Is the Price Right? Two Nobel Laureates Debate How Markets Work
Revisiting a conversation between Eugene F. Fama and Richard H. Thaler on the efficiency of financial markets.Is the Price Right? Two Nobel Laureates Debate How Markets Work
On this episode of the Capitalisn’t podcast, hosts Luigi Zingales and Bethany McLean discuss how and why antitrust enforcement has waned in the United States in recent decades. Recent research from Zingales and his coauthors uses data around public demand, Supreme Court nominations, State of the Union speeches, and more to reveal that the key driver behind declining enforcement wasn’t the Chicago School of Economics, but rather, special interests. Luigi and Bethany chart this story right from the beginning and consider its lessons for today, ways to change the current state of affairs, and most importantly, why antitrust matters.
Luigi: Bethany, how many times have we discussed in this podcast that one of the causes of today’s problems is a lack of antitrust enforcement?
Bethany: A lot. In fact, sometimes I think we could probably rename the show Antitrust-Isn’t. People do blame a lot of our current problems on this history of ever-decreasing antitrust enforcement, and there’s a very distinct narrative as to how that came to be.
Luigi: The popular narrative is that it’s all our fault. No, the popular narrative is that in the ’70s, a group of economists at the University of Chicago pushed an alternative view of antitrust that reduced enforcement, and we have not recovered ever since.
Bethany: Chicago as the epicenter of evil. Interesting. But, yes, definitely. That’s how I would have told the story if I were writing it. I would have summed it up in a sentence. Is that story not right?
Luigi: First of all, ironically, this is a very anti-Chicago story. Chicago is very much about political economy, that everything is forced by big economic interests and not necessarily the world of ideas. The only time where this view is broken is for this particular case, in which it seems that the right ideas prevail and change the world. I think it is actually much more nuanced than that.
Bethany: Well, one of the things I love as a journalist is a rewrite of a conventional narrative or a way in which that which we all believed to be true is not quite true. Let’s talk about it.
I’m Bethany McLean.
Phil Donahue: Did you ever have a moment of doubt about capitalism and whether greed’s a good idea?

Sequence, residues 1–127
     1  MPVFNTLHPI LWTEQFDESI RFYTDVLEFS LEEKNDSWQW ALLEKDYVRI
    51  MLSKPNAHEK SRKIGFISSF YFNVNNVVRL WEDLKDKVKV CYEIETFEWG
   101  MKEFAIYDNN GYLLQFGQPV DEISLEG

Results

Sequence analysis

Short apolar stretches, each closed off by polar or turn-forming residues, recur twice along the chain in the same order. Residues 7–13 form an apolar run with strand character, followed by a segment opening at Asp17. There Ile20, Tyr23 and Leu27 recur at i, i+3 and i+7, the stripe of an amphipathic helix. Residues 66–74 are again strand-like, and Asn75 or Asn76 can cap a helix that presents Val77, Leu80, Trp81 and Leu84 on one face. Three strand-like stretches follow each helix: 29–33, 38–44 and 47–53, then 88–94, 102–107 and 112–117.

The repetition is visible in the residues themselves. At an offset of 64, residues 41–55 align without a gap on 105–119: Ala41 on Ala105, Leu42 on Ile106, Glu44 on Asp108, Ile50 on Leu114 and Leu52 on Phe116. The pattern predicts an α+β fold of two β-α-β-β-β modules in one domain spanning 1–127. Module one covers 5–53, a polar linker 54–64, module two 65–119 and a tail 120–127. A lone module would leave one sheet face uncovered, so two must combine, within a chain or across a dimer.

Luigi: And I’m Luigi Zingales.
Bernie Sanders: We have socialism for the very rich, rugged individualism for the poor.
Bethany: And this is Capitalisn’t, a podcast about what is working in capitalism.
Milton Friedman: First of all, tell me, is there some society you know that doesn’t run on greed?
Luigi: And, most importantly, what isn’t.
Warren Buffett: We ought to do better by the people that get left behind. I don’t think we should kill the capitalist system in the process.
Bethany: Some of our listeners may have forgotten that you’re not just an economics podcaster. You actually do more than cohost this podcast with me. You do happen to write academic papers from time to time. Tell me about this most recent one.
Luigi: There is nothing so sweet for an academic nut like me as hearing somebody asking about his latest paper. It’s basically, for a parent, like asking about your children. You’re going on and on and on until somebody says, “Please, stop it.” So, I trust you to stop me when I become obnoxious.
First of all, this is a joint work with Filippo Lancieri. He’s a recent graduate from the JD program at the University of Chicago, and my colleague at the law school, Eric Posner, who also happens to be the son of one of the key figures in the Chicago School, Richard Posner. I think there is also an interesting narrative there, but I will leave it to you to unfold it.
The idea is very simple. We wanted to understand not only why the views of the enforcement of antitrust changed in the mid-’70s, but to what extent these views have persisted so long over time. Because there is no doubt that Chicago economists did come up with some new ideas in the mid-’70s—new even by Chicago standards, in the sense that the Chicago School, as we know, in the ’40s and ’50s was very much in favor of antitrust enforcement.
Very few people know this, but George Stigler, in 1952, wrote a piece where he said that you should break up big companies, and this is not only the right thing to do; it is also the conservative thing to do. You might say, “Wait a minute, what is conservative about breaking up the company?” But he was very consistent. He said, “No, because if you don’t break them up because they’re so dangerous, then you need to regulate them massively, and regulation is much worse. So, I think that if you want to preserve a free-market economy, you should really break them up and then let them compete like everybody else.”
Bethany: Before we get to your points about this, just explain why antitrust matters and how it worked up until these changes began to take place.
Luigi: As economists, we think that markets have nice properties in terms of efficiency in allocation of resources, under some set of conditions. And condition number one is that firms don’t have any market power. In the desire to maintain a competitive market, the ’50s and ’60s were years of pretty aggressive antitrust enforcement. For example, IBM was sued by the DOJ for more than a decade, and so was AT&T. Eventually, AT&T was broken up.